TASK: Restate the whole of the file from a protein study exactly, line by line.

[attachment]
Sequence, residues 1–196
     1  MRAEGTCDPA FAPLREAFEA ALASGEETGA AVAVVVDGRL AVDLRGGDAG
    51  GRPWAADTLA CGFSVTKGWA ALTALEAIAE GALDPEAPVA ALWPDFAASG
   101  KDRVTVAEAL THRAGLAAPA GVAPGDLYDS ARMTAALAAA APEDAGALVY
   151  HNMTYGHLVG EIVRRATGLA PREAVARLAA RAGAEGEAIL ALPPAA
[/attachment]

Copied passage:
Sequence, residues 1–196
     1  MRAEGTCDPA FAPLREAFEA ALASGEETGA AVAVVVDGRL AVDLRGGDAG
    51  GRPWAADTLA CGFSVTKGWA ALTALEAIAE GALDPEAPVA ALWPDFAASG
   101  KDRVTVAEAL THRAGLAAPA GVAPGDLYDS ARMTAALAAA APEDAGALVY
   151  HNMTYGHLVG EIVRRATGLA PREAVARLAA RAGAEGEAIL ALPPAA